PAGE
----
Furthermore, some studies did not have a placebo control at all. Without a placebo control, we cannot exclude the bias created by the placebo effect. The placebo effect occurs when a participant’s belief that she or he is receiving an effective treatment produces a positive effect on their symptoms, even though they have actually been given a placebo with no active effect on their illness. Furthermore, some of the studies would draw claims upon observations, which were not statistically significant, i.e. it could not be ruled out that all the results occurred only by chance.

The focus on ivermectin as a potential drug against COVID-19 started with an in vitro study published by Caly et al. in 2020 showed that ivermectin had antiviral effects against the virus that causes COVID-19, SARS-CoV-2, in cell cultures[6]. Although this result provided researchers with a justification for continuing studies of the drug, this study in itself didn’t provide evidence of ivermectin’s clinical efficacy against COVID-19. Furthermore, the study used very high concentrations of ivermectin that were many times higher than the doses approved for use in people[6].

Contrary to the video’s claim, a double-blind, placebo-controlled study by López-Medina et al. showed that ivermectin is unlikely to be effective in patients with mild COVID-19[7]. This study was well-designed and doesn’t possess many of the limitations present in the clinical trials cited in Lawrie’s meta-analysis. Since this study was double-blinded, neither the trial participants nor the researchers knew if they had received or administered the placebo or the drug being tested. This design helps to eliminate bias. That being said, the authors concluded that larger trials need to be conducted to better understand the effect of ivermectin on COVID-19.

The video also misleads viewers by suggesting that safety data regarding a drug’s use for one purpose applies to different uses. Although scientists have known about ivermectin for more than forty years and it has been used to treat parasitic infections, this isn’t relevant to the safety of ivermectin in COVID-19 patients.

Simply because a drug is safe to use for one disease doesn’t mean that it’s safe to use for another disease. Physiological changes produced by one disease doesn’t translate to the same changes in the case of another disease. The differences in physiological states can mean that the drug is safe to use for certain diseases, but not others. Indeed, many drugs have contraindications, or conditions in which the drug shouldn’t be used because it can harm the patient.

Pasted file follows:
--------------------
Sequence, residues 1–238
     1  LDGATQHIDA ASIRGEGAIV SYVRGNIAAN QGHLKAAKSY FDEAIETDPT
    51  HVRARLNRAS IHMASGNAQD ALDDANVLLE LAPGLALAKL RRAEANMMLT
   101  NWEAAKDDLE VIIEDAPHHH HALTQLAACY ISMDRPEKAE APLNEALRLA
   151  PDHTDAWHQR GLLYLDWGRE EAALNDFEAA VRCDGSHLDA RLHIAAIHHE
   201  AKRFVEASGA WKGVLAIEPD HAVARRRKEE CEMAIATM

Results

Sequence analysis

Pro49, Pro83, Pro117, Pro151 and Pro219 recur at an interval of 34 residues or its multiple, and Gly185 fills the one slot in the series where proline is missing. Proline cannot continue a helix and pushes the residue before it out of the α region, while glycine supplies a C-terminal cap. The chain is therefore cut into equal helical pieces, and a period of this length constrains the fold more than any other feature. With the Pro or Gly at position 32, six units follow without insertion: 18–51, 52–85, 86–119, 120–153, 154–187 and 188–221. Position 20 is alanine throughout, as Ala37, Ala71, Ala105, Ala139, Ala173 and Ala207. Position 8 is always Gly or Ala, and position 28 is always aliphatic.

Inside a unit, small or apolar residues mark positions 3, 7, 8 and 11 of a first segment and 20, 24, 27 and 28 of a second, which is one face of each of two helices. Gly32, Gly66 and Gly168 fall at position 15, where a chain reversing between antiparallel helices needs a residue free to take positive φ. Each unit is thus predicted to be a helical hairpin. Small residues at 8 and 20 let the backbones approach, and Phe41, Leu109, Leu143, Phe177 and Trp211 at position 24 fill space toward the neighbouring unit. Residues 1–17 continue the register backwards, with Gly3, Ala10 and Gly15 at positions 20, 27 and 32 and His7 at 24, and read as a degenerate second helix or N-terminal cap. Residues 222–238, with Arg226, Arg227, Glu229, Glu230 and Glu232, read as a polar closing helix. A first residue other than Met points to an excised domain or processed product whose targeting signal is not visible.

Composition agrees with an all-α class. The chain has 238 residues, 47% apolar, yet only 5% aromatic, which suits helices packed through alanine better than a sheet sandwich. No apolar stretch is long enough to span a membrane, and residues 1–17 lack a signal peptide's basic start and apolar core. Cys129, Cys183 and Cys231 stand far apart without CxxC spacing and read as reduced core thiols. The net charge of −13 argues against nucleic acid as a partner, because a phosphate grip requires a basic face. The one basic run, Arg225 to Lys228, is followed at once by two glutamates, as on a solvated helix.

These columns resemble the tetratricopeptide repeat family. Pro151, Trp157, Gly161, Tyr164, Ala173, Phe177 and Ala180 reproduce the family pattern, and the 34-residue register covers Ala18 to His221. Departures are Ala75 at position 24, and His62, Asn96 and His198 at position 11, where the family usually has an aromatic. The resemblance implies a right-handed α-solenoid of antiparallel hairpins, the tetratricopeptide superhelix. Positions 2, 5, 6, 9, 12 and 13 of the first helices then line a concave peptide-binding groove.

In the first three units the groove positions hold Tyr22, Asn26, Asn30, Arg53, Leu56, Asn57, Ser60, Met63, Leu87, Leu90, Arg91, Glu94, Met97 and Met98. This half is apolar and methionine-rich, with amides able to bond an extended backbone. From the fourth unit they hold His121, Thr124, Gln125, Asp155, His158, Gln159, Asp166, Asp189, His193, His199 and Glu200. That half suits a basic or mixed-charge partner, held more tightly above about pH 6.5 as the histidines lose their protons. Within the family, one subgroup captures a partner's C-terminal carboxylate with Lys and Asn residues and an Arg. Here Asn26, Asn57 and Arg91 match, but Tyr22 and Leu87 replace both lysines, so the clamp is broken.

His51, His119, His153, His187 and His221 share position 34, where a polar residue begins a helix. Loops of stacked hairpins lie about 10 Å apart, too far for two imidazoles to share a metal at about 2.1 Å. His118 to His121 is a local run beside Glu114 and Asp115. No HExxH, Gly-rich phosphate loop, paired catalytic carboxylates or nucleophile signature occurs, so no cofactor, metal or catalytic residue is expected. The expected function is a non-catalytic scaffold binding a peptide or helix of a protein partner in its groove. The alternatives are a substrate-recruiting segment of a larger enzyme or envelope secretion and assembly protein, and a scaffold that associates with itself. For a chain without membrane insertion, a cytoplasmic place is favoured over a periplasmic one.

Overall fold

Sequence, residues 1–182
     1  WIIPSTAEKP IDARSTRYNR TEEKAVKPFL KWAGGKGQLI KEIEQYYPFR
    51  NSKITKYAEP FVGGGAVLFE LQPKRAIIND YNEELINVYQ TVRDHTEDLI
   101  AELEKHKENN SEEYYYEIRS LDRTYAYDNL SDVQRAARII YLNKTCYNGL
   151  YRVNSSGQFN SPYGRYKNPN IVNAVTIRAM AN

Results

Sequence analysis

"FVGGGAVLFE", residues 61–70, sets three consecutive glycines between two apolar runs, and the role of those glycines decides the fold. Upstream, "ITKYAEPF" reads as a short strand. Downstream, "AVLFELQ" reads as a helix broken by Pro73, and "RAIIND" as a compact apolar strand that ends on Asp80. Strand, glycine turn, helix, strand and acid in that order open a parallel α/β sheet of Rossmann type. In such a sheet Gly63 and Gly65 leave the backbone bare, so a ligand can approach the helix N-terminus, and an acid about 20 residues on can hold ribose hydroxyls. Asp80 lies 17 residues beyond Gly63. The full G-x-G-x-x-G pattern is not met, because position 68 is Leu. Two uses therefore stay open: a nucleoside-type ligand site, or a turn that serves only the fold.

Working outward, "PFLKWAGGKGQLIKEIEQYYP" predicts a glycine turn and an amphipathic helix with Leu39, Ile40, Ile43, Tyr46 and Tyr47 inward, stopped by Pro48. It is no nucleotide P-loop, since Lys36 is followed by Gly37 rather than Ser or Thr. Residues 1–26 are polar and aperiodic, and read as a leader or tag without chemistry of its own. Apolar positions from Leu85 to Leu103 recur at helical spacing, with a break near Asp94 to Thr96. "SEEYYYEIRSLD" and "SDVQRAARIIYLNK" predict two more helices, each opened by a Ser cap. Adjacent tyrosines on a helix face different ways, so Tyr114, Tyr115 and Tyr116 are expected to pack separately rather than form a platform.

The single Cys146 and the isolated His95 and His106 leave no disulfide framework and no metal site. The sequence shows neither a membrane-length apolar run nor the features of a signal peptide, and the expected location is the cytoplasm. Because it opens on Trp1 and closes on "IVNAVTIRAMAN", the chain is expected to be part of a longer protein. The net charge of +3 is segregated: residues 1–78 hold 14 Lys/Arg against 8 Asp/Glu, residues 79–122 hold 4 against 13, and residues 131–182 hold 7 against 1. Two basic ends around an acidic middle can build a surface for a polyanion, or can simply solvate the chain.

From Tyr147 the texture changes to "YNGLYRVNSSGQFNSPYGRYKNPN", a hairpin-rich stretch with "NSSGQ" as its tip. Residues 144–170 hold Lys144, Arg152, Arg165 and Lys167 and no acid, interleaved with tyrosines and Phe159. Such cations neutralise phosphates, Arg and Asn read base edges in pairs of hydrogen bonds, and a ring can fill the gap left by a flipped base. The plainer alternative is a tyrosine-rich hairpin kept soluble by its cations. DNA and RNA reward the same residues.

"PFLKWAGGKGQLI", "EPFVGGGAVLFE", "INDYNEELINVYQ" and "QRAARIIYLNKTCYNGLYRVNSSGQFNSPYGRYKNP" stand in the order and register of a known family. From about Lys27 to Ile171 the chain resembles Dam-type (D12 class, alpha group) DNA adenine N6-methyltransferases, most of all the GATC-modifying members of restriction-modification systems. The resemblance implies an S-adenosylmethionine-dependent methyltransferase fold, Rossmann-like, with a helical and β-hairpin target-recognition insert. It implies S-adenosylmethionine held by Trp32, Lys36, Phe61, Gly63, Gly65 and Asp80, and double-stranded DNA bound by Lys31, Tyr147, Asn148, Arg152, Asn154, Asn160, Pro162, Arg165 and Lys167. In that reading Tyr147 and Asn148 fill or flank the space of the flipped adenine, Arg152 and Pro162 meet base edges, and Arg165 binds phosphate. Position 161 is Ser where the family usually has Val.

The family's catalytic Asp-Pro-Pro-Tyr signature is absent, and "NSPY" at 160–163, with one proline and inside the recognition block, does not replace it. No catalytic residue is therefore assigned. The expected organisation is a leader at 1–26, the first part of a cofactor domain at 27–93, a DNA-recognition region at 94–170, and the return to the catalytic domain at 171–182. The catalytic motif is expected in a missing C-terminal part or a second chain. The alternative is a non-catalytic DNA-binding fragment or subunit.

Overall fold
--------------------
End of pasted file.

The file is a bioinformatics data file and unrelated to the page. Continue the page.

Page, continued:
In short, while ivermectin is safe to use for treating parasitic infections, this doesn’t automatically mean it will be safe for COVID-19 patients. Furthermore, we also don’t know how ivermectin may interact with other drugs given as standard treatment against COVID-19 and the risks associated with these potential interactions. Therefore, it is misleading to claim that ivermectin is safe for COVID-19 patients on the basis of its safety for treating parasitic infections.

Overall, given the lack of evidence supporting ivermectin’s efficacy and safety, the U.S. Food and Drug Administration doesn’t recommend the use of ivermectin for COVID-19. The Infectious Diseases Society of America also doesn’t recommend the use of ivermectin against COVID-19.

In the video, Lawrie also discussed the affordability of ivermectin and how it can be easily and massively produced. Some have argued that the reason ivermectin isn’t being deployed against COVID-19 is that it is cheap and wouldn’t generate as much profit for pharmaceutical companies. Simultaneously, we can conclude that a cheap drug, thus widely affordable, which would be administered to tens to hundreds of millions worldwide, would be a hugely lucrative business. Interestingly, ivermectin’s manufacturer (under the name brand Stromectol) Merck doesn’t recommend its use against Covid-19 due to the lack of scientific evidence and safety data.

On the 22nd of March 2021, the European Medicines Agency released a statement advising against the use of ivermectin for prevention or treatment of COVID-19 outside randomised clinical trials.

CORRECTION (11 October 2021):

The brand name of ivermectin, Stromectol, was initially misspelled. We have since corrected it.

UPDATE (16 July 2021):

This review was updated to indicate that a preprint study by Elgazzar et al., which was used in the meta-analysis by Lawrie, has since been withdrawn due to ethical concerns.

UPDATE (16 April 2021):

We updated this review to provide readers with a more precise explanation of our conclusion on the subject of ivermectin’s safety in the context of COVID-19 and parasitic infections.



Published on: 22 Mar 2021 | Editor: